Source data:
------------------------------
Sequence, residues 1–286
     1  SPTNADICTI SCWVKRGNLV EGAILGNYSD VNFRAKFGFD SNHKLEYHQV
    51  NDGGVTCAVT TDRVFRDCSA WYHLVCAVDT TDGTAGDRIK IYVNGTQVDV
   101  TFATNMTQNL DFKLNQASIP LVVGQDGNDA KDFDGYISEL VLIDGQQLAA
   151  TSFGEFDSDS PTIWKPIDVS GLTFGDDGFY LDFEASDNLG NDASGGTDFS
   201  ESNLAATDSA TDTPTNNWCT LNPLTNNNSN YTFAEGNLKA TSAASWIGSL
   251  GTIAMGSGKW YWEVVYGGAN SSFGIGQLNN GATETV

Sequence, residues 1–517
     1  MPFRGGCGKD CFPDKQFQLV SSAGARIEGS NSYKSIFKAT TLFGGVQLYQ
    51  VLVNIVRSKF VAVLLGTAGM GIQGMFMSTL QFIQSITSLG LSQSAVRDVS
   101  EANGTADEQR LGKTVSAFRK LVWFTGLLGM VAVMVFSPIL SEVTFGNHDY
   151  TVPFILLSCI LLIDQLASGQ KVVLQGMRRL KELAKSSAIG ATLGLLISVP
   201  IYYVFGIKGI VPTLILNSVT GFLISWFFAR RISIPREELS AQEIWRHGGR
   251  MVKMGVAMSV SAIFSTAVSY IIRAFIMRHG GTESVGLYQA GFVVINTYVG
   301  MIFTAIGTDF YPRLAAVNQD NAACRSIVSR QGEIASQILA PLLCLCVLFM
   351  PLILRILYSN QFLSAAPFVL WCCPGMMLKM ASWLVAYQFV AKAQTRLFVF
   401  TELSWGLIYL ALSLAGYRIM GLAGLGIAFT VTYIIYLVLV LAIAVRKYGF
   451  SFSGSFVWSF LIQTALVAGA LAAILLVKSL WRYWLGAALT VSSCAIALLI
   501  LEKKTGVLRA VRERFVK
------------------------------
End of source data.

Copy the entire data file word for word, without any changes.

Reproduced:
Sequence, residues 1–286
     1  SPTNADICTI SCWVKRGNLV EGAILGNYSD VNFRAKFGFD SNHKLEYHQV
    51  NDGGVTCAVT TDRVFRDCSA WYHLVCAVDT TDGTAGDRIK IYVNGTQVDV
   101  TFATNMTQNL DFKLNQASIP LVVGQDGNDA KDFDGYISEL VLIDGQQLAA
   151  TSFGEFDSDS PTIWKPIDVS GLTFGDDGFY LDFEASDNLG NDASGGTDFS
   201  ESNLAATDSA TDTPTNNWCT LNPLTNNNSN YTFAEGNLKA TSAASWIGSL
   251  GTIAMGSGKW YWEVVYGGAN SSFGIGQLNN GATETV

Sequence, residues 1–517
     1  MPFRGGCGKD CFPDKQFQLV SSAGARIEGS NSYKSIFKAT TLFGGVQLYQ
    51  VLVNIVRSKF VAVLLGTAGM GIQGMFMSTL QFIQSITSLG LSQSAVRDVS
   101  EANGTADEQR LGKTVSAFRK LVWFTGLLGM VAVMVFSPIL SEVTFGNHDY
   151  TVPFILLSCI LLIDQLASGQ KVVLQGMRRL KELAKSSAIG ATLGLLISVP
   201  IYYVFGIKGI VPTLILNSVT GFLISWFFAR RISIPREELS AQEIWRHGGR
   251  MVKMGVAMSV SAIFSTAVSY IIRAFIMRHG GTESVGLYQA GFVVINTYVG
   301  MIFTAIGTDF YPRLAAVNQD NAACRSIVSR QGEIASQILA PLLCLCVLFM
   351  PLILRILYSN QFLSAAPFVL WCCPGMMLKM ASWLVAYQFV AKAQTRLFVF
   401  TELSWGLIYL ALSLAGYRIM GLAGLGIAFT VTYIIYLVLV LAIAVRKYGF
   451  SFSGSFVWSF LIQTALVAGA LAAILLVKSL WRYWLGAALT VSSCAIALLI
   501  LEKKTGVLRA VRERFVK